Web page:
Def. Fake or counterfeit”
“How can you think to read poetry”, his critical, grey, bespectacled eyes seem to say, “in a voice like that?”
We sit in the dustiness of the late afternoon, discussing words of no great importance, with great importance. A shaft of amber light pierces a windowpane. It is hazy, late spring. The sky is dappled pink and bronze by the setting sun. The office, bare except for the bookcase which towers in one corner, a faded print which lurks in the other and the desk at which he sits is covered in an elegant canopy of dust. The half-empty tin mug on the windowsill confirms my expectations, speaking of late nights and early mornings and education. And me, here for the first time, wearing my best clothes and my old brogues. I am just 18, I am no longer blonde. I slept in by just over an hour and was late for the first train. 5 slim cigarettes this morning in the rain. Nerves keep drying my lips and I reapply my too-pink lipstick as necessary with every 6th minute. Down to London now for the 5th time on my own. I try not to look at maps in public anymore. I’m trying to belong.
Between us lies a sheaf of ruled paper. A letter, curled at the edges. My scrawled hand in smudged blue ink, which he ignores. He fingers the cigarette box in his ill-fitting suit pocket, runs a hand through unkempt hair. Doctorates and plaudits. Applause on a wet Wednesday morning, at the Sorbonne. Golf clubs. Jaguars and analysts. Hiking holidays. Red wine and reading rooms. That sort of thing. I chew gum.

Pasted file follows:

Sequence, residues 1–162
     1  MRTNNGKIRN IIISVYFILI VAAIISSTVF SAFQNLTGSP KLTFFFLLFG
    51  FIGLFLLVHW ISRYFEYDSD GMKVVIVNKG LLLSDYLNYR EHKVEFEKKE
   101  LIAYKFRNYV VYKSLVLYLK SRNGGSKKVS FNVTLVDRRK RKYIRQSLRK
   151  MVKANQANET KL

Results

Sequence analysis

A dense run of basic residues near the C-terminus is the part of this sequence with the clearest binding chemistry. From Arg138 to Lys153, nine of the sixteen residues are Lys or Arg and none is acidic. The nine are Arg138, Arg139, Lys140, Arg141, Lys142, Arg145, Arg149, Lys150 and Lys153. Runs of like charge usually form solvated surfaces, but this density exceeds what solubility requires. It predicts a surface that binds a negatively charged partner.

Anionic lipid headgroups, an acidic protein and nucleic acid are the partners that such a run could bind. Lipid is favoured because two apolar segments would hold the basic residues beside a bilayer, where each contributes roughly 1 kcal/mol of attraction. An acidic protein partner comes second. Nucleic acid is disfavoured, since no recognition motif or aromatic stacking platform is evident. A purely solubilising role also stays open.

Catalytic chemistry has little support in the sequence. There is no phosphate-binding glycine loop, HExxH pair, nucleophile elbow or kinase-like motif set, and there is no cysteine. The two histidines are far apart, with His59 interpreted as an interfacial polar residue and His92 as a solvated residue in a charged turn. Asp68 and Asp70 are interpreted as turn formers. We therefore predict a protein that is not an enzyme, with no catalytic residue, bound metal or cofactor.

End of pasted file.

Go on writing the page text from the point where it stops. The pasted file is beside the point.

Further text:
“How can you think to read anything in a voice like that?”
The carriage clock on the windowsill chimes out round vowels in agreement. They hover in the air, triumphant over an empire, Sloane Square and the white cliffs of Dover. World Wars and Woolworths. Listen to me, it says. Typewriters and teacups. I command respect. Listen. The ticking of my watch is flat.
A common fly ascends a windowpane, a coal black smudge against the shimmering horizon of the City. Sirens hurtle helter-skelter by on the busy street outside. Below the Big Issue seller is calling, his voice hoarse and broken above the humming of engines and taxi drivers who never stop talking. The heavy tramp of Chelsea boots on the pavement. The office workers returning home to bitter wives and pregnant girlfriends. Long evenings stretch into the distance. Mastermind and dry white wine, and debt which accumulates in angry white envelopes in locked drawers and is never spoken of, but which wakes them, persistently, in those few minutes before the first light cracks upon the curtains. But not now: for now, the day is drawing to a deliberate close. Now, the theatre-goers and cocktail drinkers will spill elegantly out onto the lamp-lit streets beneath the speckled sky, talking about the Tate and the FTSE forecast and that dreadful article in The Guardian about Scottish independence and the deficit and the down-trodden North. More war crimes against humanity. More war, war, war and Nigella Lawson.